The following year, about to embark on an American promotional tour for Sea of Slaughter, he was stopped by U.S. customs officials at Pearson Airport in Toronto and refused entry under a McCarthy-era law that enabled border officials to turn away foreigners holding subversive political beliefs, which usually meant people who were suspected of being Communist sympathizers.
Mr. Mowat, a self-promoter from way back, believed the gun lobby was behind his exclusion, and went public with his suspicions. There was a media frenzy on both sides of the border, but the 1952 law wasn’t repealed until 1990. By then, Mr. Mowat had long since turned his experience – including the RCMP’s role in supplying information about him to U.S, authorities – into yet another book, My Discovery of America, a short diatribe unleashed in 1985.
His own problems with officialdom probably piqued his curiosity about his next obsession: Dian Fossey, the American anthropologist who was found dead, with an axe in her skull, atop a mountain in Rwanda in 1985. Ms. Fossey, famous for her pioneering behavioural studies of the endangered mountain gorillas of Virunga, was, like Mr. Mowat, stubborn, outspoken, passionate and openly defiant of authority. She was often in conflict with local poachers, tourism officials and other scientists. Mr. Mowat, who rarely, if ever, wrote from any perspective other than his own, published Virunga: The Passion of Dian Fossey in 1987 because he felt an affinity with her and her passion to stop the slaughter of the gorillas. Besides, he had managed, although he would never reveal how, to acquire access to her private journals.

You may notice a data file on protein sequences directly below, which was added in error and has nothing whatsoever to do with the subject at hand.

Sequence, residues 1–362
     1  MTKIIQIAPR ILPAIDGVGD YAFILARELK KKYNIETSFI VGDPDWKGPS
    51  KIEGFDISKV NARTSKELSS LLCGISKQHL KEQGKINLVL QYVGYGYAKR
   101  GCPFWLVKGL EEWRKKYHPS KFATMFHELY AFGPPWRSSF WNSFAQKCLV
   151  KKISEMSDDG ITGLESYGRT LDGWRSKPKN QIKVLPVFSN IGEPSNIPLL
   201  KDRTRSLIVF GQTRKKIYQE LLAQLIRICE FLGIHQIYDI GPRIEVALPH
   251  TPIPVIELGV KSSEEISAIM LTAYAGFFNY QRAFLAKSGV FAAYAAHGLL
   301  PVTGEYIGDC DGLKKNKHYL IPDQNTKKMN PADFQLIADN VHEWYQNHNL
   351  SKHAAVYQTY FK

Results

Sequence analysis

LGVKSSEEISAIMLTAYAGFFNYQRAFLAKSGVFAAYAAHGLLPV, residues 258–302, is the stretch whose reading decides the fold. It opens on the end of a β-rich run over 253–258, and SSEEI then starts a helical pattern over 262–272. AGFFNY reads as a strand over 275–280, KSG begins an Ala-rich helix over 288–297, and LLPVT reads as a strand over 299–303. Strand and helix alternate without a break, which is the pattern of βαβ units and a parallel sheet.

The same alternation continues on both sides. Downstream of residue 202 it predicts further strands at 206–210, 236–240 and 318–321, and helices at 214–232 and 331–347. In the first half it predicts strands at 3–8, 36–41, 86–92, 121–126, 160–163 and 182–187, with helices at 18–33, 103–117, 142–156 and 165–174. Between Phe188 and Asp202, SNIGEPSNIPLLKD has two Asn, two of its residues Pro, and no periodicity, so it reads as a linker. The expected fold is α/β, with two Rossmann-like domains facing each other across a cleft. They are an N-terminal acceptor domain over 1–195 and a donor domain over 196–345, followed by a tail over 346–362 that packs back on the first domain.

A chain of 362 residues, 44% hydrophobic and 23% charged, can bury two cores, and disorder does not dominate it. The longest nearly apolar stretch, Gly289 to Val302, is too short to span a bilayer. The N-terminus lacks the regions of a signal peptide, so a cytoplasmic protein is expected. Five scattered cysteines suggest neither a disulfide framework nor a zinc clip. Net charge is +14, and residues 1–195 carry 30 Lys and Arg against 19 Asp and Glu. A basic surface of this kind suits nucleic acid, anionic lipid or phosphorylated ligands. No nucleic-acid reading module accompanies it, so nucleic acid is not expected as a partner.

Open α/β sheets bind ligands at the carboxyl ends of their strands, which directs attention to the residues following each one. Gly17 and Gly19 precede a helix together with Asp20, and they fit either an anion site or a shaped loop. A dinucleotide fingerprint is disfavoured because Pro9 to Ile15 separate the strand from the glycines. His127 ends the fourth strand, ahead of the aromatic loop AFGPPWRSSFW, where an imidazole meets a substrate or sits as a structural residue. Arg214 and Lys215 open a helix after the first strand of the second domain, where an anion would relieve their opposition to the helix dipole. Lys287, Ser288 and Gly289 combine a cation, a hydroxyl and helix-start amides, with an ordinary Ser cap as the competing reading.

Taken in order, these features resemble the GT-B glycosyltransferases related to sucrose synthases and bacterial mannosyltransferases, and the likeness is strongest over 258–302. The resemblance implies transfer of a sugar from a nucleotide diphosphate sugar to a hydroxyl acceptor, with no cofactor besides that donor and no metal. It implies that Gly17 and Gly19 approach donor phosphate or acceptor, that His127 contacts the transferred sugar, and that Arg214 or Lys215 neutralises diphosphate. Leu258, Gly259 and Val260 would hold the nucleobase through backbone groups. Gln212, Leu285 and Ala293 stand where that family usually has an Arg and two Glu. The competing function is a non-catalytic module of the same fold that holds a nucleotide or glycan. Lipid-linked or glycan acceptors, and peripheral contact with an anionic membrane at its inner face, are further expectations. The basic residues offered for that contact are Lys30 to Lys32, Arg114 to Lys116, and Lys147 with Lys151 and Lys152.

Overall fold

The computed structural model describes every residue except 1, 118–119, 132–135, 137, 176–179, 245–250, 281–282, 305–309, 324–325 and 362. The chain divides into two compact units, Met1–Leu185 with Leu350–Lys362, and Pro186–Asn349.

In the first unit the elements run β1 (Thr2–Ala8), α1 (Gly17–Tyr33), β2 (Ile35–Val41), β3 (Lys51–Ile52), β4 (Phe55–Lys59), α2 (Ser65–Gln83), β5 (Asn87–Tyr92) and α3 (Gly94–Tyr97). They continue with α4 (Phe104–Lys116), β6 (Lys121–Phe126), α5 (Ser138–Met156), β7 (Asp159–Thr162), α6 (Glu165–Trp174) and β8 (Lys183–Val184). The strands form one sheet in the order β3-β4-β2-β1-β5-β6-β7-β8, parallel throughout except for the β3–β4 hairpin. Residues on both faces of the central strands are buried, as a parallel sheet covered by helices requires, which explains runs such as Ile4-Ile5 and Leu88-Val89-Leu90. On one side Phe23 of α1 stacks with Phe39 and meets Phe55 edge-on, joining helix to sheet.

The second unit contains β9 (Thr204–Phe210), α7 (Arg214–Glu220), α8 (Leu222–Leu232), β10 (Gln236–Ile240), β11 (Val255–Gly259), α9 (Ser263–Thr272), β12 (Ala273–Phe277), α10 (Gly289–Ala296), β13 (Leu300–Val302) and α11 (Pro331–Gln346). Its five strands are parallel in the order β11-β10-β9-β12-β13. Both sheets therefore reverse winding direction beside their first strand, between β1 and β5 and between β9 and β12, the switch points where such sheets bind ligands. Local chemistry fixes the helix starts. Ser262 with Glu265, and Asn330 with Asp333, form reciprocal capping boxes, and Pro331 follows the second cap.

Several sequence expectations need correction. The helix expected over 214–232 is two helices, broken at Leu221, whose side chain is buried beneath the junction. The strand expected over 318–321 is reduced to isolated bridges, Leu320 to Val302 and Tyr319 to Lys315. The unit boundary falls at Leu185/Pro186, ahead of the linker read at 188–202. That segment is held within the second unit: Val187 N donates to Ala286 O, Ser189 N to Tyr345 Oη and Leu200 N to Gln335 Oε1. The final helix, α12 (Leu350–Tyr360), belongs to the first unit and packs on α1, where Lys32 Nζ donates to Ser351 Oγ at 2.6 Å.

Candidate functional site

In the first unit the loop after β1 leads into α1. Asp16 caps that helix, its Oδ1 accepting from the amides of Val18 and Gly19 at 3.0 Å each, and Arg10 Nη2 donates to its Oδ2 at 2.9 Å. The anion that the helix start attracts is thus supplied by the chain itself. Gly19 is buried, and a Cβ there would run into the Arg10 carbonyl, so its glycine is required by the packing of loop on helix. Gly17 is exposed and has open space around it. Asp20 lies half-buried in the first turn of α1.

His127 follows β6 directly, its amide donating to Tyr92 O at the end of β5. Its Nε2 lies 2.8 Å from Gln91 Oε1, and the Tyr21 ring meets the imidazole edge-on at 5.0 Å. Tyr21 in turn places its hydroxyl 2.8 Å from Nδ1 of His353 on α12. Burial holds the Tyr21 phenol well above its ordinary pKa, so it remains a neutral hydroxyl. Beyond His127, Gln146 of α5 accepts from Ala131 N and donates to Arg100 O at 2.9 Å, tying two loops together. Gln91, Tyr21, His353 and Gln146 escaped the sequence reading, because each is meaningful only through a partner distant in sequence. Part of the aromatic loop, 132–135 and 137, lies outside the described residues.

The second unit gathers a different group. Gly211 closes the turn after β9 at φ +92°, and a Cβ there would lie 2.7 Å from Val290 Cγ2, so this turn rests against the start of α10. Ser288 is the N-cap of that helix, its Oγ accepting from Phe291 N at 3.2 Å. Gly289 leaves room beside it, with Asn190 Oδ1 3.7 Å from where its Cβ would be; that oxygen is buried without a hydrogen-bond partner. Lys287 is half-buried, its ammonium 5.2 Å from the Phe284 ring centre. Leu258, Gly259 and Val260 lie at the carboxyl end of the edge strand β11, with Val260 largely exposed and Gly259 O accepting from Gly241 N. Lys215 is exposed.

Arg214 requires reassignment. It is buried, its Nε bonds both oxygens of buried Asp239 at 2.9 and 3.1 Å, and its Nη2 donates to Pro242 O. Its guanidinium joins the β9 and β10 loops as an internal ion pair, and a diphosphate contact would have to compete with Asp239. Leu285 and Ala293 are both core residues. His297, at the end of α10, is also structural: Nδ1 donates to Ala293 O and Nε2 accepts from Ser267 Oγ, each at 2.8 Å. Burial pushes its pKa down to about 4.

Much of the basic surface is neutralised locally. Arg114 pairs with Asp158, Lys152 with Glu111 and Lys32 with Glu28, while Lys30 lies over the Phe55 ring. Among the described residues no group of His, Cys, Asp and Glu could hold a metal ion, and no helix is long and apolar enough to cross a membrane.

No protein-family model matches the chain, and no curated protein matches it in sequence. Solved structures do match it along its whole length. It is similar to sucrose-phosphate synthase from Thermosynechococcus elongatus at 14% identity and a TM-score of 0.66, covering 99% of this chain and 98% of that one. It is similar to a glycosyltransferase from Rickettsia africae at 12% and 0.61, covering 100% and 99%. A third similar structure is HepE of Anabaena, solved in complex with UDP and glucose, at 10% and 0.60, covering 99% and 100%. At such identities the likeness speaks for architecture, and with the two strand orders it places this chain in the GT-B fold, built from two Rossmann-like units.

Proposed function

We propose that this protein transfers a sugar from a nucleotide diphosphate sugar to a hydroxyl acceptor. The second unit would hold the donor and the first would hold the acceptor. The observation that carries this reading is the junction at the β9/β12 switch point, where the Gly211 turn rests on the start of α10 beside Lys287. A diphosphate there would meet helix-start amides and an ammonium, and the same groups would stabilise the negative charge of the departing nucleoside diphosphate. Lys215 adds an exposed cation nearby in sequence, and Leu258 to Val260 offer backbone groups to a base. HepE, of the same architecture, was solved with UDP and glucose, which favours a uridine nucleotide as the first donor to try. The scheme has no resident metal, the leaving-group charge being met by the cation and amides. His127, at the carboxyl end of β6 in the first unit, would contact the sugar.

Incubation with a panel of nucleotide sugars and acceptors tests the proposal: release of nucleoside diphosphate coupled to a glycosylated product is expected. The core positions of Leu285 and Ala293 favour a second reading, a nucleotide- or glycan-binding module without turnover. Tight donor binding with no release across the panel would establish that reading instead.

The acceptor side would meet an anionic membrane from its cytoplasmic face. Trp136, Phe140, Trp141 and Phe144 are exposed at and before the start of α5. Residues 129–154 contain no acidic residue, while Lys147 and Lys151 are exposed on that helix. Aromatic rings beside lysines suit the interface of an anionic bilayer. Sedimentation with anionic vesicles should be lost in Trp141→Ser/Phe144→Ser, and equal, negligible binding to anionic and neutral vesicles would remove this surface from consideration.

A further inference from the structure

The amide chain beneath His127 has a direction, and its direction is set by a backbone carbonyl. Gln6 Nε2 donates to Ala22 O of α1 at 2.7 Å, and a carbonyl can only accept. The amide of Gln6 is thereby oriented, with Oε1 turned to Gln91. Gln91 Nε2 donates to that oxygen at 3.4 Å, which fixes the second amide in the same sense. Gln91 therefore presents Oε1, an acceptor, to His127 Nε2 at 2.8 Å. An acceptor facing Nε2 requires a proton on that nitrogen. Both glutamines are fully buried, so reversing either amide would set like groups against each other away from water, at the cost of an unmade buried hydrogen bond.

In the 1990s and 2000s, Mr. Mowat, who wrote as compulsively as some people exercise, began recycling themes and subjects. As he told James Adams of The Globe in 2008: “There is no other subject that I know better than my own life. ... An organism needs a function. As a good student of animality, I know if you don’t have that, you die. Writing is mine and as long as I can hit the keys and vaguely remember what word I need, I’ll go on with it.”
He returned to his military service in My Father’s Son (1992), to his childhood in Born Naked (1993) and, even more often, the Canadian Arctic in High Latitudes: An Arctic Journey (2002) and No Man’s River (2004). In Rescue the Earth: Conversations (1990), he expounded on his beliefs as an environmental advocate; in The Farfarers (2000), he delved again into pre-Columbian interactions between Europe and North America. In Bay of Spirits: A Love Story(2006), he returned to the early days of his marriage with Claire and their travels to St. Pierre and the southwest coast of Newfoundland in the early 1960s. And in Otherwise (2008) he went back again to the war years, his trips to the far North and his beginnings as an environmental activist. He dedicated Otherwise to Paul Watson and the Sea Shepherd Society because it is “the only organization honest enough to go out and actually fight for The Others.”
Determined to go out at his post, banging away on his manual typewriter on the second floor of a heated shed in his backyard, Mr. Mowat insisted that writing was the only function – “well almost only function” – that he was still capable of performing at 88. He refused to have a bulging aortic aneurysm treated or to undergo a triple bypass several years ago, and he insisted until the end of his life that refusing medical intervention not only prolonged his existence, but enabled him to enjoy a higher quality of life. “I’m floating on a very, very thin surface tension, which can erupt at any moment” he said in November, 2009.
“Fine, so be it,” he said with typical defiance. And as he lived so he died, at 92, after railing earlier this week against plans to offer limited wireless Internet access in Canadian national parks.